Not on my honor

Feb. 14, 2002, midnight | By L.A. Holmes | 18 years, 11 months ago

As many Blazers were suddenly made aware last Thursday, the Blair administration has decided to reshape its rules against academic dishonesty into a vague and overreaching honor code. This code is little more than a synthesis of already established rules and regulations regarding anything from stealing property to misuse of IDs masqueraded as an attempt to "ensure a sense of honor and high principles" in Blair students.

The code, which has been in development for two years, essentially imposes morals held by the administration upon students who do not necessarily share them.

The idea that students should not cheat and should be punished for doing so is a virtuous one, but forcing students to sign their names to something they have had scant chance to review and no input in designing is overstepping the administration's boundaries.

Students were not presented with the choice of whether to sign the code. By penalty of administrative referral, Blazers had to affirm that they "understand, support and agree to follow Montgomery Blair's Honor Code" on the spot. Thus, Blazers who signed the code but held objections were essentially "telling an untruth," violating the terms of honor from the start.

Ninety-two percent of 100 students surveyed in English classes feel the code will not deter academic dishonesty, and 87 percent of those who say they have cheated in the past say they will continue to do so even after signing the code. That same 87 percent has, therefore, been forced into a lie by signing the code.

"Why didn't they bother to ask the students?" was the recurring theme of class discussions following the code's bombshell introduction. A code with the intent of establishing integrity and ethics in a student body should reflect the ethics of that student body; the only way to do so would be to ask for student input. An honor code originated in part by its subjects would make it as well as academic honesty more universally appealing and represent peer values.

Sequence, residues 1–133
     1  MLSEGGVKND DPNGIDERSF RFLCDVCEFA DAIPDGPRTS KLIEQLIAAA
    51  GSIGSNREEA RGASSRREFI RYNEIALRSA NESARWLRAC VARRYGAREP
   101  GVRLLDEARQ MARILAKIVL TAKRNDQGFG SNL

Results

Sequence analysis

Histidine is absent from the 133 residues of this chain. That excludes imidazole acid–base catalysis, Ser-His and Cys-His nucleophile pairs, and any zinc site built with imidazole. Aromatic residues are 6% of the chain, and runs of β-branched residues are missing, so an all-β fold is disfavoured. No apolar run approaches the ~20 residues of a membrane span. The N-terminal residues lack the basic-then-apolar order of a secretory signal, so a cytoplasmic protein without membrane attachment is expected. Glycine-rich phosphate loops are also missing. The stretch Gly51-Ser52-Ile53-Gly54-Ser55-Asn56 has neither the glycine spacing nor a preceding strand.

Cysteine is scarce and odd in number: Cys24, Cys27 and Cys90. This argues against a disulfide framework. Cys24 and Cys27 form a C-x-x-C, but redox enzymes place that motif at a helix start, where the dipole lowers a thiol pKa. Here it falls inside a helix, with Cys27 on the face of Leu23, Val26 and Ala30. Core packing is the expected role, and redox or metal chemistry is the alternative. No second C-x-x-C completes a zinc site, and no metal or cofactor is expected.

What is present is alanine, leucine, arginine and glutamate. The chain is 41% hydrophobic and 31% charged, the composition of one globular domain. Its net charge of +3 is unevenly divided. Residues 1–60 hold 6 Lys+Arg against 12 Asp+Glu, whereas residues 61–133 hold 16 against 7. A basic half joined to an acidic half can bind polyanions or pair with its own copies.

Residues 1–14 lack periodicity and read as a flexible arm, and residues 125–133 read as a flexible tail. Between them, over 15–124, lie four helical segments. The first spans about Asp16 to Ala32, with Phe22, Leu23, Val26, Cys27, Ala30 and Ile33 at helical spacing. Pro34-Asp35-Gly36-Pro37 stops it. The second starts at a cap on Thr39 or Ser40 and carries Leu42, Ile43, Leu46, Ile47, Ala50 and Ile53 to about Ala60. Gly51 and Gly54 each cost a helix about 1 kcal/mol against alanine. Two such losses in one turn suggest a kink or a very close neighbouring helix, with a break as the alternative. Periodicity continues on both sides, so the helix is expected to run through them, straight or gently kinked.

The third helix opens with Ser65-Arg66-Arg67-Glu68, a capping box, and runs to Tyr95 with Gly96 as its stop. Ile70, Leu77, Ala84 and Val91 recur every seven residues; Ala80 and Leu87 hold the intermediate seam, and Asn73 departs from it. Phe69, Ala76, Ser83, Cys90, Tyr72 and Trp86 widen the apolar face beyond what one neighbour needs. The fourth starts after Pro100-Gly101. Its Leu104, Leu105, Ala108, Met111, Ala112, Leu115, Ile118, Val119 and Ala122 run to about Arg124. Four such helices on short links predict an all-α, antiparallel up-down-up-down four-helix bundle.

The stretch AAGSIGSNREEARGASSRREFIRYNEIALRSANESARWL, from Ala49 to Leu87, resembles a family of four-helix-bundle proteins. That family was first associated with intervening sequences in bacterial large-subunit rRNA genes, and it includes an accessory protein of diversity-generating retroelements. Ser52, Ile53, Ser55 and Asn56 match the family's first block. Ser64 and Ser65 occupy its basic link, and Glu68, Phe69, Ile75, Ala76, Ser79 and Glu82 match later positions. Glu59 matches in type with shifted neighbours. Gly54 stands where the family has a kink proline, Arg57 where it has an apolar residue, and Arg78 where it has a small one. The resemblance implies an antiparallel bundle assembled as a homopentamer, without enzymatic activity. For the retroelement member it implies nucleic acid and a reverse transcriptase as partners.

Further, the CAP code, on which the Blair code was partially based, has failed to curb what it was designed to combat. The percentage of CAP students who knowingly and willingly cheat, despite the enforcement of the honor policy, is high. According to a Silver Chips survey of 100 CAP students, 94 percent say they have cheated in their high school career.

The truth is that there is little, if any, support for the Montgomery Blair Honor Code from either the faculty or the student body. Suggestions for its improvement are present in Blair's classrooms, whether they come from the students or the staff, and the administration should use these resources. Academic dishonesty is a serious problem that needs attention (see "related stories" to the left), but imposing a far-reaching code upon students in the middle of the school year is a step in the wrong direction.

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L.A. Holmes. L.A. Holmes is a SENIOR!! ('03 Baby!) in the Communication Arts Program. L.A. currently reigns as Managing Opinions and Editorials Editor of <i>Silver Chips</i> with her dear friend, Rachel Yood, and she is the first in <i>Silver Chips</i> history to hold the hotly contested and … More »

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